I spent the rest of my first year on the national team progressing as an athlete as I worked to climb the rankings, but socially, despite my best efforts, my attempts to bond with my teammates were consistently met with resistance deserving only of pariah. I realized these women had known each other longer, but I couldn’t help but wonder if their behavior was intentional. They would routinely watch movies together in one of their hotel rooms but never invite me. When they made plans for dinner, I never got a call to tag along. And because we were only a team of four, being the one person left out when the other three gathered was all the more hurtful.
Sometimes I would go to my room and call my mother and just cry from sheer frustration. I felt so foolish crying over the fact that my teammates were being mean to me, but it was just such a letdown to have finally “made it” and yet feel so alone at the top.
I knew my mom was right. I didn’t need them to be my friends, but spending so much time on the road, away from my family and friends, was hard enough without the pain of feeling like “the other” all the time. The feelings of dismissal and exclusion were overwhelming and suffocating for me.
In general, it seemed my teammates and the coaching staff had a very superficial idea of who I was as a fencer and a person. They attributed my qualifying for the national team as a stroke of luck instead of the result of hard work and talent, and they attributed my wins on the team to brute strength and blind speed instead of intelligence and planning. Like so many other black athletes, I was being pigeonholed as strong but not smart. The stereotyping and bias was incredibly exasperating, not to mention disheartening. The seemingly small events like leaving me off a team email chain or forgetting to include my name on the team list while on the road added up to a bigger problem.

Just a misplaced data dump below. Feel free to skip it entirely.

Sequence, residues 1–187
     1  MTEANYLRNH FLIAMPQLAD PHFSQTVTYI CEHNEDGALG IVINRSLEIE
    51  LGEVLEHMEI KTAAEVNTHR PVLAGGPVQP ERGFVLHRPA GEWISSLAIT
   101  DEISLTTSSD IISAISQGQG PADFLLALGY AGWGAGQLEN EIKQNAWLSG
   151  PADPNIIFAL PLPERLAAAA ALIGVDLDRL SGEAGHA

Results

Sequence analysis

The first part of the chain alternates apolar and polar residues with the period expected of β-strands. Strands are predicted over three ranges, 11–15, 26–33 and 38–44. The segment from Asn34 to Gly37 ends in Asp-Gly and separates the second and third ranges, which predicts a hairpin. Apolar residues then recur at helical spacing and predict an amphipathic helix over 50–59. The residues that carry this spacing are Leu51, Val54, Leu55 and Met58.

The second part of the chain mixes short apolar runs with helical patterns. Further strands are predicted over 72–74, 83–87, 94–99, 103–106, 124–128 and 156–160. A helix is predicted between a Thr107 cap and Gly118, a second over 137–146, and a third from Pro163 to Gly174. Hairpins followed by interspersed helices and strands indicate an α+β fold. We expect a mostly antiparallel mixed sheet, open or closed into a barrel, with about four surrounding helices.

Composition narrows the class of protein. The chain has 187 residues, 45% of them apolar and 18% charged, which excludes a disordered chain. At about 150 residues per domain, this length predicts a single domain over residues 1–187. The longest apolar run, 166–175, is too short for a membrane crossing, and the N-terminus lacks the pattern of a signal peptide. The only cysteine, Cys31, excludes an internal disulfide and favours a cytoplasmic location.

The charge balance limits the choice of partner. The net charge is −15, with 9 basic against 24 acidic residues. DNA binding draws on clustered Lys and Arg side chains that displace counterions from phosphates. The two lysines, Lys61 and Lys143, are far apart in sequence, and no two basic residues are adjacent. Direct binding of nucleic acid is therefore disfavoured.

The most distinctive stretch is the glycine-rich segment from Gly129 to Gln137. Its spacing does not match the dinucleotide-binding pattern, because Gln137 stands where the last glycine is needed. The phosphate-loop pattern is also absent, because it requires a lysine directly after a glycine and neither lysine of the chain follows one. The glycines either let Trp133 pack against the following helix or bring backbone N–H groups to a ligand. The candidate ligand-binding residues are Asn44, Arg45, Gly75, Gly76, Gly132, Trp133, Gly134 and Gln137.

Despite my success on the strip, I was feeling increasingly unhappy. I wanted so badly to understand what I had done to make my teammates and the coaching staff treat me so coldly. I had never felt more lonely or disconnected in my life.
Because I spent so much time alone during our competitions, I dedicated far too many hours to trying to dissect what was happening with my team. It was too easy to assume that their behavior toward me was based on some sort of racial or religious prejudice. But I wasn’t convinced that was it. I would lie in bed and wonder if it was because I was unapologetically competitive on the strip. Even if I had to fence against one of them in competition, I didn’t suspend my desire to win. Maybe they saw me as some sort of threat. Maybe I was breaking some sort of long-standing code that the newest member on the team wasn’t supposed to win and make her teammates look bad.
But Mariel and Dagmara were seasoned competitors and had been on Team USA consistently. They didn’t need to fear me. Yet the more success that came my way, the harsher the treatment from my teammates and coaches became. After combing through all of the possibilities, my head would ache and I was back to where I started. In the end I decided that the women’s saber team simply wasn’t ready for change — an African American Muslim was too much difference all at once. I think my team viewed me as so different from themselves they didn’t know how to relate, and they weren’t willing to put in the effort to figure it out. It was a sobering thought, but it was what I’d been given.
I recognized that I couldn’t force my teammates and coaches to push past their own limited thinking. That was something they would have to do on their own.